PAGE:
In 2015, Enlighten the World Ministries Community distributed 92 tons of food to 12,196 people, helped 37 families who were victims of disasters, and gave utility and shelter assistance funds to 43 needy families. They currently average feeding and clothing 1,140 people per month. In addition to being a food pantry and clothing closet, they also respond to local disasters such as home fires, floods and storms and provide necessary items such as food, clothing, linens, pots, dishes, air mattresses, heaters and fans to assist victims of disasters.
July 2016 – Galloway Ridge – Community Relations Department
Galloway Ridge promotes, hosts and presents the Chatham County Alzheimer’s NC Walk & 5K each year, raising awareness, advocacy, education and respite dollars for Chatham County and neighboring Counties in North Carolina. They facilitate the fundraising campaign via their Community Relations Department and chair the committee that hosts this event each year. Development, marketing, publicity and other event-support allows Chatham County to raise dollars that return to the county making a difference in the lives of the aging population. In 2015, they raised $34,000 to support this community effort and campaign. Over the past years, they have raised over $130,000. Galloway Ridge continues to help make sure they help combat Alzheimer’s with respite care in Chatham County allowing employees and families to go to work, get breaks from care and care for themselves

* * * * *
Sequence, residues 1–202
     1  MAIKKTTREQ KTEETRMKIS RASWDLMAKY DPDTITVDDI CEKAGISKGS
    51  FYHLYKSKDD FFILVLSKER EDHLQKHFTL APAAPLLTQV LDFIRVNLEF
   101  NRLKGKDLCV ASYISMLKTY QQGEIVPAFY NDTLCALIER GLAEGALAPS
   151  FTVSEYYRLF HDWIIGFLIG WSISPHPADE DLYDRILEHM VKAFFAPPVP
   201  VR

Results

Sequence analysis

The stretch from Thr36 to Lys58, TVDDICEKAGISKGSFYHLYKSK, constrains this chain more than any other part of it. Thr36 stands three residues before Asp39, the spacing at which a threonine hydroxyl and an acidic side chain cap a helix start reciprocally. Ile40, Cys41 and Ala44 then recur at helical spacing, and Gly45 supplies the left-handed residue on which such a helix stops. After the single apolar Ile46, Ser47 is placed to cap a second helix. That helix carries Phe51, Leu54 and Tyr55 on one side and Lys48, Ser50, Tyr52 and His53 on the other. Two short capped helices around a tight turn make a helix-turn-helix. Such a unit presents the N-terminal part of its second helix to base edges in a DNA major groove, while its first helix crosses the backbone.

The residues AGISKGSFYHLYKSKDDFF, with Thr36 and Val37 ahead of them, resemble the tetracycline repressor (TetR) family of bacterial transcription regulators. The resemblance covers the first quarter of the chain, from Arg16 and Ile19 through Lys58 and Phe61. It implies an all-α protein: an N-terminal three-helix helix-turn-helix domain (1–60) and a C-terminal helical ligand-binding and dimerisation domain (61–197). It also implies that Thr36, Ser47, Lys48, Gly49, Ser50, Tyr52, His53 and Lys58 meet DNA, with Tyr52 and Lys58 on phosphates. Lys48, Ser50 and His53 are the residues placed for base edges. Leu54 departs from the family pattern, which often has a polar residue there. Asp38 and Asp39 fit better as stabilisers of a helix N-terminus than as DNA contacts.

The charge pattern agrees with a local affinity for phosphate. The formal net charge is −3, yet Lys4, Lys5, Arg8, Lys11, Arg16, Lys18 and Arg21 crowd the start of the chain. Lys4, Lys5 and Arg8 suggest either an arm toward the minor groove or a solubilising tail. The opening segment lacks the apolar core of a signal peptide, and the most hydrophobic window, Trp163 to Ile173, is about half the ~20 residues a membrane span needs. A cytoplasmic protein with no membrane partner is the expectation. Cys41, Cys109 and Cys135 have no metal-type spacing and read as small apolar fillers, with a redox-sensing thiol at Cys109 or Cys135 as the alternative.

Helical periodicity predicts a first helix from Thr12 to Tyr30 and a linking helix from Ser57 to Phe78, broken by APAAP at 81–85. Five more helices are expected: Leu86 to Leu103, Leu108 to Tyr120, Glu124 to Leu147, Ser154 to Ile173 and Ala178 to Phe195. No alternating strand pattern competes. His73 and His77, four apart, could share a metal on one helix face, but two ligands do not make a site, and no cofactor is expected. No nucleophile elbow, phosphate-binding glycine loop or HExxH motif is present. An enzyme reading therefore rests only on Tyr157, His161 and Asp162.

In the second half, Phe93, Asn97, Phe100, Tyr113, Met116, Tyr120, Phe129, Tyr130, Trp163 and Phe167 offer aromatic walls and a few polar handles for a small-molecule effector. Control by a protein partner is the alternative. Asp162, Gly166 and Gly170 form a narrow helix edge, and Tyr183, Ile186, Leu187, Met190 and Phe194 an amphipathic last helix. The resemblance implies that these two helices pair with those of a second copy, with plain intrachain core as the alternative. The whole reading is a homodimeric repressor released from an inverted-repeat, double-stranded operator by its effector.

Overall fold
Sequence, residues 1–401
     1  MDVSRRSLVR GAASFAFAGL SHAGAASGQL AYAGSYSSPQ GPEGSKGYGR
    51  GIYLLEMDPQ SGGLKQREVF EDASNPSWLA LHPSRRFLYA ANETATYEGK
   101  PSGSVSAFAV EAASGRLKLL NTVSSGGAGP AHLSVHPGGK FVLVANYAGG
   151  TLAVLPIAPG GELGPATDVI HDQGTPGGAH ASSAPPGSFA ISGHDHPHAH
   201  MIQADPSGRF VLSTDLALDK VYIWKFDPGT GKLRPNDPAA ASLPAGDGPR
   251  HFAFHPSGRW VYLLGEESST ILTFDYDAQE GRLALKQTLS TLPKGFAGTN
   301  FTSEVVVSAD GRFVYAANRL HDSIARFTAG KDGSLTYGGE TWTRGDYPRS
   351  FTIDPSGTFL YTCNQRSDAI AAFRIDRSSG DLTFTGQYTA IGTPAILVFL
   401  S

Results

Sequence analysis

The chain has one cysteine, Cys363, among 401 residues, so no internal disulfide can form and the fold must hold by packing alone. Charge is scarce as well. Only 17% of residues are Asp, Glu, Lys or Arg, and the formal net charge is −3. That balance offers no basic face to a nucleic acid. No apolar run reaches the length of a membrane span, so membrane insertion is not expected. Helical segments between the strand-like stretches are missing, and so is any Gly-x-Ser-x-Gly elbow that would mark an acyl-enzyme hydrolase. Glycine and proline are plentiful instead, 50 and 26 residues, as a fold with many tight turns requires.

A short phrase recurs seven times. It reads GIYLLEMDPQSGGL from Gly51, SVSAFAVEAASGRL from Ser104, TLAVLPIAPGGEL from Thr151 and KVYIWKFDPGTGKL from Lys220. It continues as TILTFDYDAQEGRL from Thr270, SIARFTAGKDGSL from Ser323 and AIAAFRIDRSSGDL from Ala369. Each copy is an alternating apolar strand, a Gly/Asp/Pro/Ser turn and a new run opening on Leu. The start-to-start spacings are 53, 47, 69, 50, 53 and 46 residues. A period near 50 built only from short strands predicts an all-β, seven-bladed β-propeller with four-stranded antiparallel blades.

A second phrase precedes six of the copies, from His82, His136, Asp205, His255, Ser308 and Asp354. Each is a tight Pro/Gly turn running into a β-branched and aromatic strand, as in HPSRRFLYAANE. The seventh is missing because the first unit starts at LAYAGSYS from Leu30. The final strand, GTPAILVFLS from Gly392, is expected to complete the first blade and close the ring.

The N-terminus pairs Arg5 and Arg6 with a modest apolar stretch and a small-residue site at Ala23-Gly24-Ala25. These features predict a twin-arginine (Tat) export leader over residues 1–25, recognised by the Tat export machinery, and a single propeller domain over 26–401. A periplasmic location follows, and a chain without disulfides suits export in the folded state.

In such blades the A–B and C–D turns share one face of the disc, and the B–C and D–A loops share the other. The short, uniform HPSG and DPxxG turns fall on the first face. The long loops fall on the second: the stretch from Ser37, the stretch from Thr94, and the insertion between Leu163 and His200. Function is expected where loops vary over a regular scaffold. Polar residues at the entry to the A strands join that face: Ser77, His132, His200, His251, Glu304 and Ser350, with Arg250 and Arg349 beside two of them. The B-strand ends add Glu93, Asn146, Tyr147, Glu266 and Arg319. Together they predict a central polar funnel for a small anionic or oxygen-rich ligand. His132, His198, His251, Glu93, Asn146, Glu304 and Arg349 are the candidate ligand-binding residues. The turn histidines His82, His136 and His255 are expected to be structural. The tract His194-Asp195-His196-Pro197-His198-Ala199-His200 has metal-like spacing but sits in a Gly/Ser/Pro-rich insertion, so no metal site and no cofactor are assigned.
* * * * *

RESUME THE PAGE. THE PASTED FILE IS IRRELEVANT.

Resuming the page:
June 2016 – Lexi Hasapis